This concept is being replaced by a new expression, Identity management. This expression consists of two major parts, the authorization part and the authentication part, containing functionality as e.g. single-sign-on and authentication. Different approaches are known to handle a large number of users on an Internet portal with a high security level. These known solutions use the concept of early binding.

Early binding is a solution where all permissions, roles, and authorities are defined in advance. This is often done already when a user login to a portal or system. The policy store, in an early binding solution, set a cookie that includes all roles and permissions for the logged on user. This cookie is then sent with http-header to all links that are connected in the portal or system and can be read by anyone that is interested in the information. An example of information is e.g. which links that are allowed to be accessed by a specific user. The Public-key Infrastructure (PKI) technology is an example of early binding. This solution is sometimes referred to as the firewall solution and is shown in FIG. 1.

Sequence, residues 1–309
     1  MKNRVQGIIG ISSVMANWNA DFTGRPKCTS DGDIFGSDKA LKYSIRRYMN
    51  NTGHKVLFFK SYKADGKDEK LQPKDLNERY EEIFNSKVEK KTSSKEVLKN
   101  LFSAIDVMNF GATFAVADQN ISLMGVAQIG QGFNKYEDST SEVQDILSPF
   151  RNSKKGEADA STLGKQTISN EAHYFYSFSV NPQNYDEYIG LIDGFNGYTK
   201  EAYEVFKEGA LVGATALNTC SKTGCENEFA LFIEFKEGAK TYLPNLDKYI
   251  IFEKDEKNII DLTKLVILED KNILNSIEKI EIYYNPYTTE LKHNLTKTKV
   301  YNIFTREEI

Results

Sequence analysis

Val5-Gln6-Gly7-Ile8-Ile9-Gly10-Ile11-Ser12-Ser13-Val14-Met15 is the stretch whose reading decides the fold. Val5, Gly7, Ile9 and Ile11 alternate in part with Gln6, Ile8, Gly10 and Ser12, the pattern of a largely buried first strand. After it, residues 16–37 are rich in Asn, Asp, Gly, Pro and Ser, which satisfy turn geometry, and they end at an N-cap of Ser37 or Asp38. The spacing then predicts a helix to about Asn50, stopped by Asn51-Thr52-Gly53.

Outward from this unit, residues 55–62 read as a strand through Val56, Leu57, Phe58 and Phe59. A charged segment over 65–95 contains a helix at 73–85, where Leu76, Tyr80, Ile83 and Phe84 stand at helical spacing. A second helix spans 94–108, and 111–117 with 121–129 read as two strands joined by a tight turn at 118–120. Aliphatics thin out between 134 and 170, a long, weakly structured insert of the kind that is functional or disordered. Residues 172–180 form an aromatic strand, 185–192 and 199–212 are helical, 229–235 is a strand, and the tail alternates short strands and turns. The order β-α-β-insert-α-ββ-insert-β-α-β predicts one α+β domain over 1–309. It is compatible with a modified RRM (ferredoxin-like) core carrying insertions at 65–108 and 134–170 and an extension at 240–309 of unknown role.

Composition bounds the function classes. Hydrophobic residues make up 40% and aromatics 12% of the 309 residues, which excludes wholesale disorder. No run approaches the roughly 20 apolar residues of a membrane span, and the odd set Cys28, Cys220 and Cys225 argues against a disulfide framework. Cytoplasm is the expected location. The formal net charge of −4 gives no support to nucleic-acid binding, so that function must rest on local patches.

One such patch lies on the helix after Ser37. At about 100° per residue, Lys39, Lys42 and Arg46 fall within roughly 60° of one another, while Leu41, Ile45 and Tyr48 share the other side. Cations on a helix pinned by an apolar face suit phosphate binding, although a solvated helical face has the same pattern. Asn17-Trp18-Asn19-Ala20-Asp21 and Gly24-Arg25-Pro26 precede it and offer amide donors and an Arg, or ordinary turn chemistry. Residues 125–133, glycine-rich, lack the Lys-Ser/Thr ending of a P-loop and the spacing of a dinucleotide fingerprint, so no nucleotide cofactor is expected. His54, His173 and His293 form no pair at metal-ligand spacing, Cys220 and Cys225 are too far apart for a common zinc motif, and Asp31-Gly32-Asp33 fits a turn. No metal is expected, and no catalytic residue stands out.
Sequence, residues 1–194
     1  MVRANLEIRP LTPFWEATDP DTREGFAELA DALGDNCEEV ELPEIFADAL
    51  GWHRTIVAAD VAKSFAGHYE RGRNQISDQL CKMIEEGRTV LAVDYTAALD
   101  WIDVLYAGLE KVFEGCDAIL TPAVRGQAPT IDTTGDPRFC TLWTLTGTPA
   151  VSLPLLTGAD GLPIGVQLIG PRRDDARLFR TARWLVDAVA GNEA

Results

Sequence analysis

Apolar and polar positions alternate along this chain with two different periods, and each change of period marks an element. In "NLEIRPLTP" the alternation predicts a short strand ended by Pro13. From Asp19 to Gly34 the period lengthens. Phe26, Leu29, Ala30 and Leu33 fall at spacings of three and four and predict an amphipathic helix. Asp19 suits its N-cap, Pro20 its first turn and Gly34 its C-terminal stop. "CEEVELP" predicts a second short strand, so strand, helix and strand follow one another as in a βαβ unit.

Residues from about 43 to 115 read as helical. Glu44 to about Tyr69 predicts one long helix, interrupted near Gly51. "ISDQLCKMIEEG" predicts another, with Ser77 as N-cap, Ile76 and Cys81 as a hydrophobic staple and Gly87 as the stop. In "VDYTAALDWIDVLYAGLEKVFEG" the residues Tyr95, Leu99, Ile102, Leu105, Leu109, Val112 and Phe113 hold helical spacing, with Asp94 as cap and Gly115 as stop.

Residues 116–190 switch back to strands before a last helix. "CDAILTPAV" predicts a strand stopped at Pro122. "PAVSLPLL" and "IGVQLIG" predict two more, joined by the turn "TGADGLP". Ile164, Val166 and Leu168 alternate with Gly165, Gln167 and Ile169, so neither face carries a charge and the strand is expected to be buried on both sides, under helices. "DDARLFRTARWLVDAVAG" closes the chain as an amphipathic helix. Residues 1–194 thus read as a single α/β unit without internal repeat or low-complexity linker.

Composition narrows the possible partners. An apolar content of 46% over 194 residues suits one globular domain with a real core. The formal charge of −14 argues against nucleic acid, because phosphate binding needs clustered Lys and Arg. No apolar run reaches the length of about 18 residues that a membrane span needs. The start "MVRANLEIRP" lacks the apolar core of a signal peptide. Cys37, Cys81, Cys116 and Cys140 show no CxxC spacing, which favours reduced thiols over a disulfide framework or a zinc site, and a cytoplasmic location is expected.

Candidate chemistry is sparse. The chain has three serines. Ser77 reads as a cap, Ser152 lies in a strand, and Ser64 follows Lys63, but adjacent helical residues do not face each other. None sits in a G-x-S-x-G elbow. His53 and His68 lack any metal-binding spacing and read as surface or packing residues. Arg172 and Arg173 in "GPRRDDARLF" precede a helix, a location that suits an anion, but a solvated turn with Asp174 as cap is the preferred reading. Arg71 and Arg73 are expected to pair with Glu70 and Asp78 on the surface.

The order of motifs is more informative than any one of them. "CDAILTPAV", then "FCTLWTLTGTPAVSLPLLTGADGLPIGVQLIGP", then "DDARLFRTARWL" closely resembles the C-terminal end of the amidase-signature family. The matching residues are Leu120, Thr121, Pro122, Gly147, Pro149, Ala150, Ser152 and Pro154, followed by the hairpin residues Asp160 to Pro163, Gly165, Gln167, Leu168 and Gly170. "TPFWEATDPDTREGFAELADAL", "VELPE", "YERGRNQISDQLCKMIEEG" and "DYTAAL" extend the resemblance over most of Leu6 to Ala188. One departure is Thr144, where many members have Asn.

In the firewall solution, a firewall is used together with a module containing e.g. domains, roles, categories and actions using the approach of early binding. This module is sometimes referred to as a policy store. This solution gives a high security level and the possibility for all users on the same firewall to use information that are set by a cookie which is sent in the http-header to all links that are connected to the firewall. This solution is the most common on the market. The disadvantage is that large amount of data is sent between http-headers when new links are activated. Another disadvantage is that no relational database is used. This gives a static and inflexible way to set user attributes.

Another solution is bound to a single specific database. A database solution is shown in FIG. 2. In this solution, the database includes a module (policy store) containing e.g. domains, roles, categories and actions. This solution works well when all applications use the same database. For applications that use other databases, special solutions are required. The same applies to database solutions that must interact with other environments, e.g. when an application does not exist for the same environment. Another disadvantage is that all possible users have to be registered in the database, even if the user never or seldom accesses the portal. This registration will often require a license cost for each registered user.